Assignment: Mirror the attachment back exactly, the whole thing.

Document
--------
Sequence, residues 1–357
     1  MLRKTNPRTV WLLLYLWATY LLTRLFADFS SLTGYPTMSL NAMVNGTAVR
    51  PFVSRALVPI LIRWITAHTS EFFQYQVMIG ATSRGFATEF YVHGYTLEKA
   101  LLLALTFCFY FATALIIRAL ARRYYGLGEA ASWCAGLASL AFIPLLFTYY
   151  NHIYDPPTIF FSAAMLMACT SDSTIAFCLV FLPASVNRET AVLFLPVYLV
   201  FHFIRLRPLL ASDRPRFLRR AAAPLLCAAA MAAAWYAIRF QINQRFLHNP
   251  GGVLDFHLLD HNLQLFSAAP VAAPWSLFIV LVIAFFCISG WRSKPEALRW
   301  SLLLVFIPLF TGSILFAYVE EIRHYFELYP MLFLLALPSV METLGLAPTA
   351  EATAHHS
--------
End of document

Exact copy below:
Sequence, residues 1–357
     1  MLRKTNPRTV WLLLYLWATY LLTRLFADFS SLTGYPTMSL NAMVNGTAVR
    51  PFVSRALVPI LIRWITAHTS EFFQYQVMIG ATSRGFATEF YVHGYTLEKA
   101  LLLALTFCFY FATALIIRAL ARRYYGLGEA ASWCAGLASL AFIPLLFTYY
   151  NHIYDPPTIF FSAAMLMACT SDSTIAFCLV FLPASVNRET AVLFLPVYLV
   201  FHFIRLRPLL ASDRPRFLRR AAAPLLCAAA MAAAWYAIRF QINQRFLHNP
   251  GGVLDFHLLD HNLQLFSAAP VAAPWSLFIV LVIAFFCISG WRSKPEALRW
   301  SLLLVFIPLF TGSILFAYVE EIRHYFELYP MLFLLALPSV METLGLAPTA
   351  EATAHHS